To the question «Worauf haben Haustiere eine positive Wirkung?», the answer in the book is «Die Haustiere haben eine positive Wirkung auf das Wohlbefinden.».

I thought in the case of "Wo", we use the case "auf" + Dativ. However, in the sentence above, they are using "auf" + Akkusativ. Why is that?

I know that "auf" has Dativ and Akkusativ, depending on the context. I just on this one we were supposed to use the Dativ...


In the sentence above, auf das Wohlbefinden does not describe the place. It describes on what pets have effect. There is actually direction involved (there is some effect that goes from the pets to the well-being, so to speak). Taking this into account, accusative is the logical case here.


I think the question relies on a confusion. Namely, altough worauf aludes to wo, it actually has nothing to do with it. Worauf is rather one of the wo+preposition questions like woran, worüber, wonach,... They are not necessarily related to "place", rather wo- is a placeholder that allows you to primarily ask for the piece of information the preposition will be tied to in the answer.

What you have to care about here is the verb+preposition+case (or noun+preposition+case) triple. This means usually first learning by heart, then trying to make sense of why it's like that.

In this case, wirken + auf is always accusative. So remains when you nominalize, Wirkung+auf+Akkusativ or Wirken+auf+Akkusativ.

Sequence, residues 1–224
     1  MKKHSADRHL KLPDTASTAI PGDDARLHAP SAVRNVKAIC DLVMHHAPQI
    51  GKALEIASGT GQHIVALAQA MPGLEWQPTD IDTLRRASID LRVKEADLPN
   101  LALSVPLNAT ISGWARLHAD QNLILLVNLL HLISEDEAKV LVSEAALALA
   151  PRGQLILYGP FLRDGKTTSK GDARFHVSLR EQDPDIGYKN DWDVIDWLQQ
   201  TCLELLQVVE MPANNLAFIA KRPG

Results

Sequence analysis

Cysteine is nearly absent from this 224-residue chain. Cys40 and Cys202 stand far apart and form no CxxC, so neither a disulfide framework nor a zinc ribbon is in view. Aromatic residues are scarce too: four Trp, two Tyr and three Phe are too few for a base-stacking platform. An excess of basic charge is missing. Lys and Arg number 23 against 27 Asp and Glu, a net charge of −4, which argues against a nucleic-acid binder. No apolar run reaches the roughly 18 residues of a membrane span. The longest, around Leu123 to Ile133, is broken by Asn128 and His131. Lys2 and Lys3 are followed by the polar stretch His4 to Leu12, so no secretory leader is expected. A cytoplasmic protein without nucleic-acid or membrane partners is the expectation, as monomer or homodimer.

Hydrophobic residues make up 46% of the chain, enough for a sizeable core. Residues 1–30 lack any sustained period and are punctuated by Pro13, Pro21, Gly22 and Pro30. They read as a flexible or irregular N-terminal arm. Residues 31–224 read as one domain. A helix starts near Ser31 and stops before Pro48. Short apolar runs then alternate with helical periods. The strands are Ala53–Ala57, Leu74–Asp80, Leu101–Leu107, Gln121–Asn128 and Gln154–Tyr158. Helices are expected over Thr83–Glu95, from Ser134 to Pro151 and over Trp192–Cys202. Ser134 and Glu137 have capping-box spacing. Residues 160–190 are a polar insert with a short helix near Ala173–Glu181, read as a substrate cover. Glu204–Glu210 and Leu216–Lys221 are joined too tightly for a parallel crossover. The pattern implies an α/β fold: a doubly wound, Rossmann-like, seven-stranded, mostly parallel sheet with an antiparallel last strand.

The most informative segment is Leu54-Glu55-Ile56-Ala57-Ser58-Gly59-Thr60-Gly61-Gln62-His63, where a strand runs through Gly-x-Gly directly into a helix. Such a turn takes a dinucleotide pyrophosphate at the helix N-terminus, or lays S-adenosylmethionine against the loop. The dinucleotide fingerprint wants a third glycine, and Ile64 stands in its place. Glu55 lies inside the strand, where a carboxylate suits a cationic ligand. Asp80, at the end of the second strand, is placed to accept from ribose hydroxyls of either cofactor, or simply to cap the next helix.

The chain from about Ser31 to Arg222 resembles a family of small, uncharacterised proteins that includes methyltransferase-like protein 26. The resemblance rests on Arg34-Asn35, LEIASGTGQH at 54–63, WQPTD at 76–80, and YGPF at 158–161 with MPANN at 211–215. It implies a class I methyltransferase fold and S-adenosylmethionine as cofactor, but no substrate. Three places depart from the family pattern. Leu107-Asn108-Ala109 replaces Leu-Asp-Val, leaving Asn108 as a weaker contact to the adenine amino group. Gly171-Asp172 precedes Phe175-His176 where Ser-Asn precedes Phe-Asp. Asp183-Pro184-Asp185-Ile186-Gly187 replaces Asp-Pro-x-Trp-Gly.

Your right that auf is a Wechselpräposition, and normally the rule is that if location is a destination then you use accusative, and if it's the scene of the action then you use dative. With certain phrases and verbs however, this rule goes out the window and you just have to memorize the case since there is no such logic. For example in the prepositional verb antworten auf you use the accusative: Ich antworte auf Ihren Brief. I think that's what is going on here except that in this case it's a noun Wirkung instead of a verb. I hesitate to call it a prepositional phrase because that means something else, prepositional noun maybe? But the point is that this phenomenon occurs with parts of speech other than verbs. I already had stolz auf in my notes, which involves an adjective and which takes the accusative case as well: Ich bin stolz auf dich. I admit that my notes did not include any nouns but I guess it's time to add a new category.

There are dozens if not hundreds of these "prepositional combinations". I wouldn't call them idioms because their meaning is clear from the literal translation, but they have an idiom-like quality in that their grammar can be contrary to the usual rules. I didn't see this particular example documented in the dictionaries I normally look at, but DWDS has a substantial usage database from which you can glean similar examples. This search lists all sentences in their subtitle corpus with the combination Wirkung auf and I'm guessing about half are applicable here.

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